The use of research networks in drug safety research is well established and a significant body of practical experience exists. By contrast, no consensus exists on the use of such networks, or indeed of single sources of observational data, in estimating the effectiveness of medicinal products. In particular, the use in support of licensing applications will require evaluations of the reliability of results and the verifiability of research processes that are currently at an early stage. Specific advice on effectiveness can only be given once this work has been done and incorporated into regulatory guidelines. Hence this discussion currently relates only to product safety (see Assessing strength of evidence for regulatory decision making in licensing: What proof do we need for observational studies of effectiveness?, Pharmacoepidemiol. Drug Saf. 2020;29(10):1336-40).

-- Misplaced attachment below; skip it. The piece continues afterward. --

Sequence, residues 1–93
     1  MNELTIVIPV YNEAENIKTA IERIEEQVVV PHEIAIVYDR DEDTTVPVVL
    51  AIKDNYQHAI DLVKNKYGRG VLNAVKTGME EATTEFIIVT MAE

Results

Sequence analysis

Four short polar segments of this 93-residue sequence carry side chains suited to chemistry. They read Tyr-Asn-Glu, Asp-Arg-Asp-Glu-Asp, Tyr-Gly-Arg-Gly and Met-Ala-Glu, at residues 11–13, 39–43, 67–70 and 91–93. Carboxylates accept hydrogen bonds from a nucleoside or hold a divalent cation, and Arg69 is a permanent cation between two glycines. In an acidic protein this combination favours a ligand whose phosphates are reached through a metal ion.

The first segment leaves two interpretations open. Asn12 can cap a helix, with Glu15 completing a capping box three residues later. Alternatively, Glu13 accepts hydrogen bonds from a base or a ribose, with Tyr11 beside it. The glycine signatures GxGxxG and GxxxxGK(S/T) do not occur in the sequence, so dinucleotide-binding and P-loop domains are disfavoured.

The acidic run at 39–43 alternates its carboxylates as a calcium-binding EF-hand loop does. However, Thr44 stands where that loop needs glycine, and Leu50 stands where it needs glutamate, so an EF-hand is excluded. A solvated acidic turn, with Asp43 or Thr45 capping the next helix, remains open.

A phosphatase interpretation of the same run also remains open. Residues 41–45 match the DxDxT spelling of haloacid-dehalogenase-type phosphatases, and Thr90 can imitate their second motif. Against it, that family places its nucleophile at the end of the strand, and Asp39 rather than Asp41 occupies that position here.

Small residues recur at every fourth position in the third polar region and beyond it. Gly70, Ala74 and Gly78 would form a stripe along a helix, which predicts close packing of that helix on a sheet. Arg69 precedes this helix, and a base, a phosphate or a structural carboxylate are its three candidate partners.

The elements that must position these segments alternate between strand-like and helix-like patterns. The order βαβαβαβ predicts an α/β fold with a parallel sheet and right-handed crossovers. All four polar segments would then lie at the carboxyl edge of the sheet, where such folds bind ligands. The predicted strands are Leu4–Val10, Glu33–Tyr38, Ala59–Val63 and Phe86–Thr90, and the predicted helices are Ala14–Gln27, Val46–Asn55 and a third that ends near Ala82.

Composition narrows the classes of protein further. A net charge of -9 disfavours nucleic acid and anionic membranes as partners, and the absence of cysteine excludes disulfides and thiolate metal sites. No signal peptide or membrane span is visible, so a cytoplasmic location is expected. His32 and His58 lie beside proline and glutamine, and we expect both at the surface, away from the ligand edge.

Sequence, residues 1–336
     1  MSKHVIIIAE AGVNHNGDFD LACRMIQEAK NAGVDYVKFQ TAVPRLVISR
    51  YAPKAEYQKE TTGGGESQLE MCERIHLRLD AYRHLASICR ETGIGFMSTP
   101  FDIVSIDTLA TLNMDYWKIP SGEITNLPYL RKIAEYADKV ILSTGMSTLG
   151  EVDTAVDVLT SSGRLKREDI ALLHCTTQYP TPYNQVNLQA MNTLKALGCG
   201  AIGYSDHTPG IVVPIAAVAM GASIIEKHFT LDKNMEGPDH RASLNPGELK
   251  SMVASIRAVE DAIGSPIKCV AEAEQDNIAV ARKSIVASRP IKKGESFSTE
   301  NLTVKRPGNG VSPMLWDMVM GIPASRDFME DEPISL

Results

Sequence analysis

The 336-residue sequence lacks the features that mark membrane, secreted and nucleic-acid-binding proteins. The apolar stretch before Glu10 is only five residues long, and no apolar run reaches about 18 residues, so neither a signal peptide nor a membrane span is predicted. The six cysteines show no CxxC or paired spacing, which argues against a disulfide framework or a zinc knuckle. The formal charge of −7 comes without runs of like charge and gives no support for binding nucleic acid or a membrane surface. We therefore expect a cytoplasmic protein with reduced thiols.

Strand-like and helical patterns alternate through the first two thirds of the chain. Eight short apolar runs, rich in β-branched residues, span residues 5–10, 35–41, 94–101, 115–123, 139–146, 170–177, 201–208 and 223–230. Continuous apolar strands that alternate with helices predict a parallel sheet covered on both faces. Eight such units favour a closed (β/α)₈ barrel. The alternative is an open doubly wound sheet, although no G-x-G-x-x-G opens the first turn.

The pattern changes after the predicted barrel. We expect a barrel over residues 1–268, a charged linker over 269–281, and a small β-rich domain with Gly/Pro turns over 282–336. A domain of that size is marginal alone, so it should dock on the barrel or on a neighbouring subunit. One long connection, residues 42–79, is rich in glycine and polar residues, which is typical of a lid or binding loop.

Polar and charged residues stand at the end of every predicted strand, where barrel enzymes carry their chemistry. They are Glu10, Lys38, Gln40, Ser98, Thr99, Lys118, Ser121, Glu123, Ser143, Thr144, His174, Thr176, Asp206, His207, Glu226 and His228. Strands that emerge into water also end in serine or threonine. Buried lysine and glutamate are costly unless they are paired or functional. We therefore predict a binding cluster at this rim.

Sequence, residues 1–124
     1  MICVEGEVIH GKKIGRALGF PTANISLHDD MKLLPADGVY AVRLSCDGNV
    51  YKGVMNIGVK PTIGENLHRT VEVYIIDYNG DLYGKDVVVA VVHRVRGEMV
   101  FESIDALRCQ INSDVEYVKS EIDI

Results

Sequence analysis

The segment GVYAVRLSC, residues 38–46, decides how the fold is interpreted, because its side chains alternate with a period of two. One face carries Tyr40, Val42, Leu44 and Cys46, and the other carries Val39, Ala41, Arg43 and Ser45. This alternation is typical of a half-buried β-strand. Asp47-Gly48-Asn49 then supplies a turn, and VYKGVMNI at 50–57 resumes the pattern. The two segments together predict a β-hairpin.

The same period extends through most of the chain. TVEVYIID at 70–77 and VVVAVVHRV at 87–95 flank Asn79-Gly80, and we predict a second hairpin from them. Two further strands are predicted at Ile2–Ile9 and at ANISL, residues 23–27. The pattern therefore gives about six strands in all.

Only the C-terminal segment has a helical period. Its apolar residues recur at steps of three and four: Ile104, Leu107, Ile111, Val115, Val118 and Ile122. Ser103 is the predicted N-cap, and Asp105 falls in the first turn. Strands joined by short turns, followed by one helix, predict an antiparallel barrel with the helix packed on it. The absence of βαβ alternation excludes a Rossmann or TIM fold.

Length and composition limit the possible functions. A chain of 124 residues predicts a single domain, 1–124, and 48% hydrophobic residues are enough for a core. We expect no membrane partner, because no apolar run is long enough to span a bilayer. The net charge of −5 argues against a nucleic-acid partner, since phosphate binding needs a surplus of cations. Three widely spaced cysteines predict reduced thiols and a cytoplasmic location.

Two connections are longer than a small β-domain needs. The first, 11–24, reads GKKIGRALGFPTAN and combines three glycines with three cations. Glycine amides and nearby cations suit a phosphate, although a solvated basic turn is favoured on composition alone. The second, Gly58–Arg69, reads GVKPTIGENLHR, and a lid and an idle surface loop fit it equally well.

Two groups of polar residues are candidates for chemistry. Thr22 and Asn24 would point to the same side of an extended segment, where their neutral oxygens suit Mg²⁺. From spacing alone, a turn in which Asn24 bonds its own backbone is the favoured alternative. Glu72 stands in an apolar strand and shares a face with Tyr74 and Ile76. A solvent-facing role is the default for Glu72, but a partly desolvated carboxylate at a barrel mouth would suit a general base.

From a methodological point of view, research networks that adopt a multi-database design have many advantages over single database studies:

  • Increase of the size of study populations. This facilitates especially research on rare events, drugs used in specialised setting (see Ability of primary care health databases to assess medicinal products discussed by the European Union Pharmacovigilance Risk Assessment Committee, Clin Pharmacol Ther. 2020;107(4):957-965), or when the interest is in subgroup effects.
  • In case of primary data collection, shorten the time needed for obtaining the desired sample size and therefore speed-up investigation of drug safety issues or other outcomes.
  • Exploit the heterogeneity of treatment options across countries, which allows studying the effect of different drugs used for the same indication or specific patterns of utilisation.
  • Provide additional knowledge on the generalisability of results and on the consistency of information, for instance whether a safety issue exists in several countries. Possible inconsistencies might be caused by different biases or truly different effects in the databases, revealing causes of differential drug effects, and these might be investigated.